Just a DASH Will Do
One of the tools your doctor may use to dial back your blood pressure is DASH — Dietary Approaches to Stop Hypertension. It’s not a diet but a way of eating. You cut back on salt, load up on fruits and veggies, and round out your meals with whole grains, fish, poultry, nuts, legumes, and low-fat dairy.
Go Green (and Leafy)
Salt makes your body hang on to more fluid. That bumps up your blood volume and the pressure on your arteries, which make your blood pressure climb. Fill your plate with leafy greens like spinach, broccoli, kale, or collards for a potassium boost. The mineral helps flush sodium out of your body through your pee and relaxes your blood vessel walls.
Recommended daily serving: 3-6 cups (raw leafy veggies)
Berry Good for You
The pigments that give blueberries, strawberries, and blackberries their rich colors also come with a benefit for your blood vessels: anthocyanin. It’s a natural compound that can help artery walls become wider and more flexible to lower your blood pressure and improve your heart health.
Recommended daily serving: 2-3 cups (frozen or fresh fruits).
Calcium is a key player for good blood pressure because it helps your blood vessels tighten and relax when they should. Plain, low-fat yogurt is a good way to add calcium to your diet without too
Another good source of calcium is bone-in fish, like canned salmon or sardines. Oily fish like mackerel and sardines also are flush in omega-3s, the fatty acids that boost health and help your heart. Studies on fish oil supplements show they may lower your blood pressure, especially if your high blood pressure is moderate or severe.
Recommended daily serving: 3-6 ounces (fish, lean meat, and poultry).
Sprinkling of Seeds
Add unsalted seeds like pumpkin, flax, and sunflower to salads, yogurt, or oatmeal to help lower your blood pressure. Seeds are a source of vital minerals like magnesium, which helps control your blood pressure and relax your blood vessels.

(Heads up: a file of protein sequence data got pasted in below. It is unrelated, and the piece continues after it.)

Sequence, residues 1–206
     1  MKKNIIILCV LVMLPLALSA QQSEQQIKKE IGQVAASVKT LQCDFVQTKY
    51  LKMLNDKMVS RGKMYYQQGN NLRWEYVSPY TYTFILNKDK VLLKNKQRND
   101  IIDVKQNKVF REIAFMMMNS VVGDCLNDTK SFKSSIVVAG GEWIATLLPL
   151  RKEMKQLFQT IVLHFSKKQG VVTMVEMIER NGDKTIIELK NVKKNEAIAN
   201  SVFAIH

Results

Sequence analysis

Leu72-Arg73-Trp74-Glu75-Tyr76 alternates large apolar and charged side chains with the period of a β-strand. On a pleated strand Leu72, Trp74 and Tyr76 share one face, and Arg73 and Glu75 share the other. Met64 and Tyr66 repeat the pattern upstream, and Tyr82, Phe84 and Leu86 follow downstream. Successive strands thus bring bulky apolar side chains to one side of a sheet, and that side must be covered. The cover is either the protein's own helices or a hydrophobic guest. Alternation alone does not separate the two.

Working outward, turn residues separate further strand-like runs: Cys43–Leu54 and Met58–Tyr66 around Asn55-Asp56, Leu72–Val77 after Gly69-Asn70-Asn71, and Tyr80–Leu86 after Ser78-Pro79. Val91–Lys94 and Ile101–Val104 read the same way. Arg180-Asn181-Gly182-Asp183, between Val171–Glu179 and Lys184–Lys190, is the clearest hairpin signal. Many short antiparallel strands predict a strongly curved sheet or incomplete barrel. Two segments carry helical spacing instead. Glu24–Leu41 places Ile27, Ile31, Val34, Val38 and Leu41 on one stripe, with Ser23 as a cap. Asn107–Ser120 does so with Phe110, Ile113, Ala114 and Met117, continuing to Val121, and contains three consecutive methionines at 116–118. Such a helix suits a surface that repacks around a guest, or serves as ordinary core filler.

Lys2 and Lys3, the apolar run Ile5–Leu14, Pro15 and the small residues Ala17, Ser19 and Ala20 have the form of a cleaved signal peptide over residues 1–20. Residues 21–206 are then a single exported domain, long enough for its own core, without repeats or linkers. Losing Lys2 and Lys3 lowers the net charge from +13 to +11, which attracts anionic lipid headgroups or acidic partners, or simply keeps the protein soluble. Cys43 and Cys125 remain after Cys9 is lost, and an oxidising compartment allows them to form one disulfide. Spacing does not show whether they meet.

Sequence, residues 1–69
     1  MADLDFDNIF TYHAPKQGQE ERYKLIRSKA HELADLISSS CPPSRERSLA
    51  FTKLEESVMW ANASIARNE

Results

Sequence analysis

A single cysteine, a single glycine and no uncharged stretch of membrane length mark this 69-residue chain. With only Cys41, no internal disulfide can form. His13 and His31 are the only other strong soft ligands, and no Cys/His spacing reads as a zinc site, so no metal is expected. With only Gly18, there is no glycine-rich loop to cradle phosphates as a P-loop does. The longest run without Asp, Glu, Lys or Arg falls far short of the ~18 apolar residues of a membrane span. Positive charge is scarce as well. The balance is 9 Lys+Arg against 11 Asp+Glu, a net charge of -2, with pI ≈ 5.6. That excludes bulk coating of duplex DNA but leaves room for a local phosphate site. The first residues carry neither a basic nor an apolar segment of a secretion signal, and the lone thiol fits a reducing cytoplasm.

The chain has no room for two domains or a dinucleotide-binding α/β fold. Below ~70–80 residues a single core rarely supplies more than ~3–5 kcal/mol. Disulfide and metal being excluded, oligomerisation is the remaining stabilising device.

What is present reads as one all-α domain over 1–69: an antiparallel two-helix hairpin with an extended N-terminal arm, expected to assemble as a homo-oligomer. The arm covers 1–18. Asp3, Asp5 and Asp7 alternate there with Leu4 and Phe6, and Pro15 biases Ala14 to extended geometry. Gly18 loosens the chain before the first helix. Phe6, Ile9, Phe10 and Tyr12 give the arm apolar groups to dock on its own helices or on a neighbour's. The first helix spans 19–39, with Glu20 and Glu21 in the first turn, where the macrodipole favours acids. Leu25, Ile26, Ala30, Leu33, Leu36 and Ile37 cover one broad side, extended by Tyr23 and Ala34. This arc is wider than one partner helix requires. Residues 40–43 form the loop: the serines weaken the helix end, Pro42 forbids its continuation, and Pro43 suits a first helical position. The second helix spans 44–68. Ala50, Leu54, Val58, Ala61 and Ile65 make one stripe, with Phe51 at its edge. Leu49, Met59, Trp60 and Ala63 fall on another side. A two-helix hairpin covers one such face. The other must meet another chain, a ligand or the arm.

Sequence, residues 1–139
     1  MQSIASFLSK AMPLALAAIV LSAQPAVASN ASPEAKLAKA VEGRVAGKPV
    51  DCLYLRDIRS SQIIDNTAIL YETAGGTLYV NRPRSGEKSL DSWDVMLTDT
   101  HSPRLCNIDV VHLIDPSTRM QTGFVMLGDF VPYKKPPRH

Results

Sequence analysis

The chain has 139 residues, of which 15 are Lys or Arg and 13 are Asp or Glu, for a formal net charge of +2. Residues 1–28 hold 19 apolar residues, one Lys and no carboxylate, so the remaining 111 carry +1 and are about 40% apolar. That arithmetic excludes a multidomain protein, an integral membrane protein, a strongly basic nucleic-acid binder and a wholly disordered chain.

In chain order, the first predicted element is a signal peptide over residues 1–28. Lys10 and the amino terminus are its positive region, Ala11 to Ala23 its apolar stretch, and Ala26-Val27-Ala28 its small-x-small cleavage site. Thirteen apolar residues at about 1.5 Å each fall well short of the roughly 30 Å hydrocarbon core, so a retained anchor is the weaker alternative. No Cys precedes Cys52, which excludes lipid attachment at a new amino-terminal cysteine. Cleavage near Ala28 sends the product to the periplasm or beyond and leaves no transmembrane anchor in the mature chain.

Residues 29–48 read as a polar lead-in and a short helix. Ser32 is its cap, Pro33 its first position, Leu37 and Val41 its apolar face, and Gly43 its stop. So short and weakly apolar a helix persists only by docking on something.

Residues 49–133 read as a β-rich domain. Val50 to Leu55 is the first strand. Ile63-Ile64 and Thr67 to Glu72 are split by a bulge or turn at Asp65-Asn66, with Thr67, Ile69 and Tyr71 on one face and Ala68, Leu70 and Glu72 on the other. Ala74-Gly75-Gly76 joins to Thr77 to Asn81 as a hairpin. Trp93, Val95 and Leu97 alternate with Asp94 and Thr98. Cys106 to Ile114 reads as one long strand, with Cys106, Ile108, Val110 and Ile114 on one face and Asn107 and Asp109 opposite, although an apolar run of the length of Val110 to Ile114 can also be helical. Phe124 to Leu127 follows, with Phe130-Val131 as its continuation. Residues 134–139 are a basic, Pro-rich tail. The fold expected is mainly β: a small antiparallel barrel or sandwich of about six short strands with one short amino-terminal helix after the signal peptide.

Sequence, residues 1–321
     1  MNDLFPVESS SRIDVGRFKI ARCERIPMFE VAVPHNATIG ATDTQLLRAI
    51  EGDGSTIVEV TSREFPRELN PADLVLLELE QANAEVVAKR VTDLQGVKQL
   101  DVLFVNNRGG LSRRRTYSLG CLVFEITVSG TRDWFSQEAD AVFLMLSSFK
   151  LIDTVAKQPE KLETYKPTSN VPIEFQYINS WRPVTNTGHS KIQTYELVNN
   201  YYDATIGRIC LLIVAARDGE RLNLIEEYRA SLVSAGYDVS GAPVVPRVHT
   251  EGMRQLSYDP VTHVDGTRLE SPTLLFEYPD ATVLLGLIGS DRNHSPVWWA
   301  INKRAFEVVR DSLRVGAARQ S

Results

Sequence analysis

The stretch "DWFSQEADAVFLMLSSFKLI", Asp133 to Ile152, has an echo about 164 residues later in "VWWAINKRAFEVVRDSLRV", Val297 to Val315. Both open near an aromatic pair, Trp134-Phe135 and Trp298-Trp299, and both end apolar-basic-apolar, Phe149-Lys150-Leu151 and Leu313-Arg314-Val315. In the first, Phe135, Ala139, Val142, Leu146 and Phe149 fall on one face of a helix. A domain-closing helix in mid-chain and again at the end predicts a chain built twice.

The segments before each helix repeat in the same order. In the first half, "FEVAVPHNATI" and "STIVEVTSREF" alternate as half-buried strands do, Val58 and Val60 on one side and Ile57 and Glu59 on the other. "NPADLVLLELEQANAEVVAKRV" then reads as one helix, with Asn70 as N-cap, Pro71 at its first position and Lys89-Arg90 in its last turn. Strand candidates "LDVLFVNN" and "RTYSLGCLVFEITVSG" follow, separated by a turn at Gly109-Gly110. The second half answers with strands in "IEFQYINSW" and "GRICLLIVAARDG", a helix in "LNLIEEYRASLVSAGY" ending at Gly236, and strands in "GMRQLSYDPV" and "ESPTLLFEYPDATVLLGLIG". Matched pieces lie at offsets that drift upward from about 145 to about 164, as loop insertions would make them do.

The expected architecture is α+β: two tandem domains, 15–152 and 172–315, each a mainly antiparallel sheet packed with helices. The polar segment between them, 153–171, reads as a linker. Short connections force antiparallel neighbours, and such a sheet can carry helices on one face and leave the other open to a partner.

Recommended daily serving: 1-1.5 tablespoons (seeds).
This whole grain is healthy, filling, and low in sodium. It’s also full of fiber, which helps keep your weight and blood pressure under control. Cook your rolled or steel-cut oats with water or low-fat milk. Swap out the maple syrup or brown sugar with raisins or bananas for a touch of sweetness.
Recommended daily serving: 3-5 cups cooked (whole-grain cereal, rice, and pasta).
Turn Up the Beet
A study shows that drinking 2 cups of a mix of three parts beetroot and one part apple juice can make your systolic blood pressure (the top number) go down in just a few hours. Men may see a bigger benefit than women. High systolic pressure can raise your chances of strokes. Cooked beets and beet greens, which pack lots of potassium, are a good alternative.
Recommended daily serving: About 2 cups (raw or cooked vegetables, or vegetable juice).
Garlic can add more than just zest to your dishes. It may also have a hand in boosting your nitric oxide levels, which dilates blood vessels. The more relaxed your blood vessels are, the less your heart has to work to pump blood through them. That helps keep your blood pressure down.
Recommended daily serving: 1-2 cloves.
Tree nuts — hold the salt! — like walnuts and almonds can be a great source of healthy fats that help your heart. But for high blood pressure, your best pick is pistachios. They seem to have the strongest effect on lowering both your top and bottom blood pressure readings.
Recommended serving: 1-2 cups per week (nuts).
Allergy Food Test
make sure you know what foods you are allergic to. Allergy Care Centers offers a simple finger prick blood test that will let you know what foods you are allergic to. Contact them at 702-331-5230. 400 Shadow Lane Suite #202, Las Vegas NV 89106